It’s exactly halfway through 2017, and I’m at an age at which I am in total denial about the passage of time. I’m 18, but I somehow feel both 12 and 35 at the same time. 2017 has not only been an incredibly tumultuous time for America and the world, but also for me personally. I’ve achieved more than I thought I could; I’ve failed enough that I’ve learned not to go so hard on myself; I’ve proven my own strength to myself and those around me.
As I get older, I’ve struggled a lot with self-love. But it’s not the act of loving myself that I find challenging (throughout my whole life, I’ve been an extrovert who’s been blessed with confidence to spare) – no, I struggle with the different ways in which self-love can manifest itself, and how I often need to support myself in different ways, depending on the day, the situation, or how I’m feeling.
As narcissistic/nihilistic as it may sound, I literally do not care about my body – at least in conventional ways. One of the most beneficial things I’ve ever done for myself is learn how to care about my body in the right ways. I care about the foods that fuel me and enable my body to do great things, like run and jump and lift weights. I care about the foods that fuel me and enable my body to do not-so-great things, like sit on the couch and hang out with friends and laugh. I’ve started looking in the mirror less and looking within myself more. This is not to say that there aren’t days when I feel fat or skinny or ugly or pretty or lazy or motivated, because I do. I, like anyone else, appreciate when the scale drops a few pounds or when I feel attractive in my own skin. But, again, to take a position of necessary nihilism, my body is just the place in which Nathalie, who is merely a collection of thoughts and opinions and memories, exists.
I don’t struggle with loving my body. It crosses my mind from time to time, but I’m not constantly worrying about the way I look compared to others, and I know I’m lucky that I have this sense of security.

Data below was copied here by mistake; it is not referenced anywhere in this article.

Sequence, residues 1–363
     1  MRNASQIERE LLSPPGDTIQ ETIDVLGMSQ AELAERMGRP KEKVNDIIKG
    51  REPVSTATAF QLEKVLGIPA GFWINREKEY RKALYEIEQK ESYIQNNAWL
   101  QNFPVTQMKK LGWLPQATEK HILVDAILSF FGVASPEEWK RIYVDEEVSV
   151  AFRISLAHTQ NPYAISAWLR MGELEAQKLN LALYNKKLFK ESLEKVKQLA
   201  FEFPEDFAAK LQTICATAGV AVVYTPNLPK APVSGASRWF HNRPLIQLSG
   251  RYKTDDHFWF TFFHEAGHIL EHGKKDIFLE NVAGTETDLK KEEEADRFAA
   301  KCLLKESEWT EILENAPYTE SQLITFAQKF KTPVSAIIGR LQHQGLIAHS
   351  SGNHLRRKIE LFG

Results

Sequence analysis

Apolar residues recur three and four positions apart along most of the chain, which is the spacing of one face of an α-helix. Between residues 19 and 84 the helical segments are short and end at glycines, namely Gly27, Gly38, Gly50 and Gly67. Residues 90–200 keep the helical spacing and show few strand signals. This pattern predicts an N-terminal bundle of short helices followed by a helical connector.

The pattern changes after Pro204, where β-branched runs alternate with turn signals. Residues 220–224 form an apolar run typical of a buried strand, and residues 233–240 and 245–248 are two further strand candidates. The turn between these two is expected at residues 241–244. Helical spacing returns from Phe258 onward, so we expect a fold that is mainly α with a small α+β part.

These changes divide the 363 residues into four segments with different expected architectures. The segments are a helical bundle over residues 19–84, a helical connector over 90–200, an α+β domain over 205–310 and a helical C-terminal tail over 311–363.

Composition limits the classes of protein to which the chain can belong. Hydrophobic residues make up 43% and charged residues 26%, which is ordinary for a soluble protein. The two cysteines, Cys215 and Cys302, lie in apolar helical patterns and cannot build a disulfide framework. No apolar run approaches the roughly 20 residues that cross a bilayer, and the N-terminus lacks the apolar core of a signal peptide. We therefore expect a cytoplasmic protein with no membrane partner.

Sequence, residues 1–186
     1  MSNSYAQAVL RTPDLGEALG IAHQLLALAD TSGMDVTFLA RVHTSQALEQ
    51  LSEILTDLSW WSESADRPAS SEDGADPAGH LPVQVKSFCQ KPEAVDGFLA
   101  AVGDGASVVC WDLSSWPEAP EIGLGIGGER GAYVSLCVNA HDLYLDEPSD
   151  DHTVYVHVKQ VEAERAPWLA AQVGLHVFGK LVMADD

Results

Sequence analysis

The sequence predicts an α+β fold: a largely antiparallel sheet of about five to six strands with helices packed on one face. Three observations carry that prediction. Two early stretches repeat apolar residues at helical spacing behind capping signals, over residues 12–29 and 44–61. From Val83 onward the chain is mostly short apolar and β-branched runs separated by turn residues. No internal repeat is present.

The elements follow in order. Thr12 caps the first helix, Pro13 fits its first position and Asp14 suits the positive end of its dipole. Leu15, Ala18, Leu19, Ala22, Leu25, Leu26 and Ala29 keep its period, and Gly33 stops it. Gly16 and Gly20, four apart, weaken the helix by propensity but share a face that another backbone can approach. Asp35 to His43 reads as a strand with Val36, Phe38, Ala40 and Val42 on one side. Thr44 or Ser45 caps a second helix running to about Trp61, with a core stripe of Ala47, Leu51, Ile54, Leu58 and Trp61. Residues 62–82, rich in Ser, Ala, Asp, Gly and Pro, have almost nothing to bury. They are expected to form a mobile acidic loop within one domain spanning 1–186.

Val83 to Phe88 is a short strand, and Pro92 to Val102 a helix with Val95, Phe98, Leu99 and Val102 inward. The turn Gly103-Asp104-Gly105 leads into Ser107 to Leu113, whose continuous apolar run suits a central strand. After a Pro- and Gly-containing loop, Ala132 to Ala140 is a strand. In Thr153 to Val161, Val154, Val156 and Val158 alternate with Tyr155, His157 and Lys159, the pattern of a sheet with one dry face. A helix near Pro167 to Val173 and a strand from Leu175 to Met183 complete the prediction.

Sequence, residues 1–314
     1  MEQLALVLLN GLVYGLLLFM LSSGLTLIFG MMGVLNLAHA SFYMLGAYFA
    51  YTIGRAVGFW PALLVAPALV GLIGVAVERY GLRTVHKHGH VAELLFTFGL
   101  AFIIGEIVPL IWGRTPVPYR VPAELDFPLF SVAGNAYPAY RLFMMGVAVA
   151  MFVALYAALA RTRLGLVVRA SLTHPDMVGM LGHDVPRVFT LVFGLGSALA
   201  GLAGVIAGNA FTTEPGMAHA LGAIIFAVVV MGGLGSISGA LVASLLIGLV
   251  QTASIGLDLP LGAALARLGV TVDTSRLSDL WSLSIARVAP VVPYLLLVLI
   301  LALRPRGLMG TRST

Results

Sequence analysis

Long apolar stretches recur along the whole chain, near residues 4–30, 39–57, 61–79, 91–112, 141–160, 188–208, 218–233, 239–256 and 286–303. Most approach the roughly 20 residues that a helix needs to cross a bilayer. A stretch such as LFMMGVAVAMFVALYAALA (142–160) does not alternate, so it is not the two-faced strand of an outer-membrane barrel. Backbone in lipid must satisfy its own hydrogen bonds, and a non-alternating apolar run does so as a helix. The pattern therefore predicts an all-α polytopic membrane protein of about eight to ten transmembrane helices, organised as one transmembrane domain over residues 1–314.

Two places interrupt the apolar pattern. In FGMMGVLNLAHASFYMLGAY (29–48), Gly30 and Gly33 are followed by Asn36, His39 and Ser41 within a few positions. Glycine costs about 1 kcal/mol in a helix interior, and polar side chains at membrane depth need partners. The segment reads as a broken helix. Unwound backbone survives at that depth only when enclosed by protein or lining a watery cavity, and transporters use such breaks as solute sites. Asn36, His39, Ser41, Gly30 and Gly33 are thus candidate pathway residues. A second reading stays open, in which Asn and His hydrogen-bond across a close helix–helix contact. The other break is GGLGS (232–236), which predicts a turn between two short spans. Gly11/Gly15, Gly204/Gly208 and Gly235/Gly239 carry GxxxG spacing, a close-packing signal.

I’ve always known about myself that I struggle with loving my personality the most. Especially in recent years, I’ve found myself almost constantly anxious that I am either being standoffish or annoying; that I am either trying too hard or being too cold; that I am either too reserved or I wear my heart on my sleeve. I overanalyze the way I feel, the way I act on my feelings, and the smallest social cues from everyone I meet.
I really often compare myself to others in terms of my personality traits – an entirely different, but equally as harmful beast. Why can’t I be as cool as her? Why can’t my sense of humor be as effortless as his? How do I become as uninhibited as them? Why am I not getting as much attention as I need to feel validated? When will this person get sick of having me in their life?
A helpful mechanism I picked up a while back is to have five adjectives on hand at all times to describe myself – it’s an exercise in mindfulness and feeling secure in my own brain. These adjectives all have their respective positive and negative connotations.
On the days when I feel Annoying, I remind myself that there are just as many days when I am Funny.
On the days when I feel like a Know-It-All, I remind myself that there are just as many days when I am Clever
On the days when I feel I am Bossy, I remind myself that there are just as many days when I am Ambitious
On the days when I feel Needy, I remind myself that there are just as many days when I am Attentive
On the days when I feel Cynical, I remind myself that there are just as many days when I am Realistic.
I love Nathalie the way you would love an annoying younger sister – you can be critical of her, you can have good days and bad days, but ultimately, she’s all I have at the end of the day.